• Joe Pace

Favorite Fictional Characters, #51: OWEN MEANY


I love this book too much to even contemplate a sarcastic caption.

It is likely that some portion of my affection for A Prayer for Owen Meany stems from the setting. Irving's Gravesend is a not-even-thinly-veiled Exeter, and all of us who grew up there recognize the geography throughout. The locations that make this such a deeply personal book for the author make it deeply personal for those of us who are as intimate with the streets and landmarks as he is, and who love it as he does. The book, excellent in so many ways, is also a love letter to that most quintessential and perfect New England town.

Beyond that, the book is a masterful narrative, weaving together disparate strands of character in a plot that builds like a cathedral, each exquisitely carved stone considered before placed in mortar. Only when stepping back from the whole, regarded from a distance, do we see the brilliance of the work. Irving covers a lot of ground here, from the empty tragedy of war to the tortures of faith to the quest for identity. Friendship, family, truth, loss, all have a place at this sumptuously arrayed table. Even on fourth and fifth readings, new themes emerge, and the characters reveal aspects of themselves I had previously missed. It is an emotional, draining read, but like all endurance sports, the reward is both in each step as well as the sum total of the experience.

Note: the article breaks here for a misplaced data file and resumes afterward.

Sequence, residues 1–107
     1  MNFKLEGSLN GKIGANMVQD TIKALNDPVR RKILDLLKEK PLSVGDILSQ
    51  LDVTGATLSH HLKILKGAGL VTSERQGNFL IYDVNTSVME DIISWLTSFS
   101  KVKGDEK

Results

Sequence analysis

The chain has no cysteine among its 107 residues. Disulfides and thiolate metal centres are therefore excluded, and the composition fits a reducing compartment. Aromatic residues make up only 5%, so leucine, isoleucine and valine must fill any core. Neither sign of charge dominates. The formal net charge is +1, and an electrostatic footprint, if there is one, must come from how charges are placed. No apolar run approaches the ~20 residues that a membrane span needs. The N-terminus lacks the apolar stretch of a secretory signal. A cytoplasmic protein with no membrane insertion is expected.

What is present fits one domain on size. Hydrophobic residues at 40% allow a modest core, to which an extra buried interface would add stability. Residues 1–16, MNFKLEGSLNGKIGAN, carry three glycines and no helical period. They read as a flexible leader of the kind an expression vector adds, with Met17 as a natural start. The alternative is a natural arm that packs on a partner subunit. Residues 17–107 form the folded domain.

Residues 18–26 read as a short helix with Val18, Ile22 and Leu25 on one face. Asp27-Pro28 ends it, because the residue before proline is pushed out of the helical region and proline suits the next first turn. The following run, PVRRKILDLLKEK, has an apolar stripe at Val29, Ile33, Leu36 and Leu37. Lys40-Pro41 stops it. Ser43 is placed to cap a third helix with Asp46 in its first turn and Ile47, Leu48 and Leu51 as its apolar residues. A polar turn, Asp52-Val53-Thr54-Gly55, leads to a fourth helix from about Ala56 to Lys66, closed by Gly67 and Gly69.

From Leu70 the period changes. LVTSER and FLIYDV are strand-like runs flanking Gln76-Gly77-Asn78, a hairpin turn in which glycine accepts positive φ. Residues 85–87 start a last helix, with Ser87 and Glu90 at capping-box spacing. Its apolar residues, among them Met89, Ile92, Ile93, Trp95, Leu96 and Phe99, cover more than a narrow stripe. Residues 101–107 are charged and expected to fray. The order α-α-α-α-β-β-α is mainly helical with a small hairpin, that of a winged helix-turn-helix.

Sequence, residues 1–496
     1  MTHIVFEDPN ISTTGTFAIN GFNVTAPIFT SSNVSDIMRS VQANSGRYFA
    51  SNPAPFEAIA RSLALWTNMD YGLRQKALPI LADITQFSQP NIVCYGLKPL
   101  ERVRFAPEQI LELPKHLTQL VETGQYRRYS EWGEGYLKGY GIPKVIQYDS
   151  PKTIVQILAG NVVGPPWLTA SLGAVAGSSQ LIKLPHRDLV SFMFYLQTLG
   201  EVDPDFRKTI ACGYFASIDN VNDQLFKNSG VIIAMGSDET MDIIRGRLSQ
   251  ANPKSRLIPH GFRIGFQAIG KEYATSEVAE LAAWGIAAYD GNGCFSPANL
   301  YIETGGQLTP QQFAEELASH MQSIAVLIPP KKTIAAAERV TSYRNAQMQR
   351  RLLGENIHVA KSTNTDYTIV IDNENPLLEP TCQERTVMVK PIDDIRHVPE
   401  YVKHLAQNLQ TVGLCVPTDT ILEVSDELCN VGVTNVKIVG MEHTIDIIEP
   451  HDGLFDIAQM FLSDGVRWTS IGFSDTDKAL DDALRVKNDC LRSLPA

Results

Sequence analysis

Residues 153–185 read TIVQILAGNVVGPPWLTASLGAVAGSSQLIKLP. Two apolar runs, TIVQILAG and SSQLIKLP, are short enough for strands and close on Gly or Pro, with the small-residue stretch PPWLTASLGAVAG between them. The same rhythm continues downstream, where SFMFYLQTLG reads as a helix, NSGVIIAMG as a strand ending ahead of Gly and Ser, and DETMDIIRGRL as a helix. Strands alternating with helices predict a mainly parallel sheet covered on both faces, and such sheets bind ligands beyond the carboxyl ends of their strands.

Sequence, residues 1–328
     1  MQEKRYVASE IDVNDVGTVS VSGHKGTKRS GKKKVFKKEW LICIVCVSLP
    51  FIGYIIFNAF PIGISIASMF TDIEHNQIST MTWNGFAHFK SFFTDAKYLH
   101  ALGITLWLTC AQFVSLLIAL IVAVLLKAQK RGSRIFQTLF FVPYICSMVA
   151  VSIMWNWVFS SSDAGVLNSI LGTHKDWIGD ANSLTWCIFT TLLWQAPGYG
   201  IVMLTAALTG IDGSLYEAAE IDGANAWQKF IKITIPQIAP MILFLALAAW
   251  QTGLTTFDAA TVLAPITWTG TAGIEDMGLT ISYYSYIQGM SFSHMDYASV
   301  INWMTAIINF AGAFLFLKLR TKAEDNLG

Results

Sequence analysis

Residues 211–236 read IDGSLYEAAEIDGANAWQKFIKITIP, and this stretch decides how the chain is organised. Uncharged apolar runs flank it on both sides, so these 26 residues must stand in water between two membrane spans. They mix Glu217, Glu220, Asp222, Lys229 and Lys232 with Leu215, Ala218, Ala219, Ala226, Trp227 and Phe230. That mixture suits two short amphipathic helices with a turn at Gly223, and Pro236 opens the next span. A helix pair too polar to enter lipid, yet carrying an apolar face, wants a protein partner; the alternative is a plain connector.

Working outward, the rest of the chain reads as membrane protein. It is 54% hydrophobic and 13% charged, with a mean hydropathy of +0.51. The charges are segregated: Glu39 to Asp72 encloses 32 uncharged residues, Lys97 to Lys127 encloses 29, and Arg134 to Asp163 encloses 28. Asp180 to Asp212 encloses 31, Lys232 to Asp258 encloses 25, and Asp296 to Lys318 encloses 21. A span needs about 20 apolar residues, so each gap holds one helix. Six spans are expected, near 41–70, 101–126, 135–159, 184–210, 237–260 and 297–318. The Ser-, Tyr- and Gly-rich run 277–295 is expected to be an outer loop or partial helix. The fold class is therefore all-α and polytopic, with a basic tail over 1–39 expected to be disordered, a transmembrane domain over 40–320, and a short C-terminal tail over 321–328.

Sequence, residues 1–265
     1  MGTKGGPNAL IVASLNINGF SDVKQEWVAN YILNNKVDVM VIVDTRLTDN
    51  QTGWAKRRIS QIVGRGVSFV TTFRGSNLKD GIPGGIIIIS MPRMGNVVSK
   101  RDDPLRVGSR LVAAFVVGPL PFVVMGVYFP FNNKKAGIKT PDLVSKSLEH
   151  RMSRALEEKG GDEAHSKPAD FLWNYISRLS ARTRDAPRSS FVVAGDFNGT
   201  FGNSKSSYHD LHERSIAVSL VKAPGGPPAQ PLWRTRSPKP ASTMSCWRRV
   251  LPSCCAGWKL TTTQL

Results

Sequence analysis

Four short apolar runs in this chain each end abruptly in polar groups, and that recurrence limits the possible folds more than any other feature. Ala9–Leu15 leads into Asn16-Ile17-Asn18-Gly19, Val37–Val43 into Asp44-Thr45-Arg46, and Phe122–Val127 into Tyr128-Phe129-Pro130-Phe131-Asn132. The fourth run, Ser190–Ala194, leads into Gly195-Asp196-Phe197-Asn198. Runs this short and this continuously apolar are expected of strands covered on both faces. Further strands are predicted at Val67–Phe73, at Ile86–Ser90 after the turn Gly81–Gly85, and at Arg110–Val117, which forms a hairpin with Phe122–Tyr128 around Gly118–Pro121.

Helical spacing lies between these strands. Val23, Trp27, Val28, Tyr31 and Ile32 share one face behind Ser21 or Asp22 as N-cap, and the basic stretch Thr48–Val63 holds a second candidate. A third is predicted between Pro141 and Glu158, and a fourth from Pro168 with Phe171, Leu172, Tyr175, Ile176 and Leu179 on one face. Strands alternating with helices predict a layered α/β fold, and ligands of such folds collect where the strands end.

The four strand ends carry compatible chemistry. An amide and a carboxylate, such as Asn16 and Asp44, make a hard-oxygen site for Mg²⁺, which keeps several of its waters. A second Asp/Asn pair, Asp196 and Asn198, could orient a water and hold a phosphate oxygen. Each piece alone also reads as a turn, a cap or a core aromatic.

Owen Meany, of course, is a Christ figure. Irving never hides that fact, and at the very end makes it explicit. Like Christ, he sacrifices himself to save those he loves, not in a physical sense, but in a spiritual one. Irving gives his tiny apostle unshakable faith, but also doubt, revealed only at the end. Along the way, the Granite Mouse (the Sarcasm Master, the Voice) interacts with his world as a force of Nature as much as of God, indomitable will housed in a tiny, broken body. He takes on authority and (almost) always wins, he gropes for connection to loved ones, he writes, he reads, he unleashes a withering critique of a sadistic, imperfect world. He knows his destiny, and both embraces and resents it as he does all things, in full throat.

There's more, so much more, and I cannot do it justice. It is my favorite novel because it makes me feel and think in equal measure. It also makes me want to write, and to never write again.

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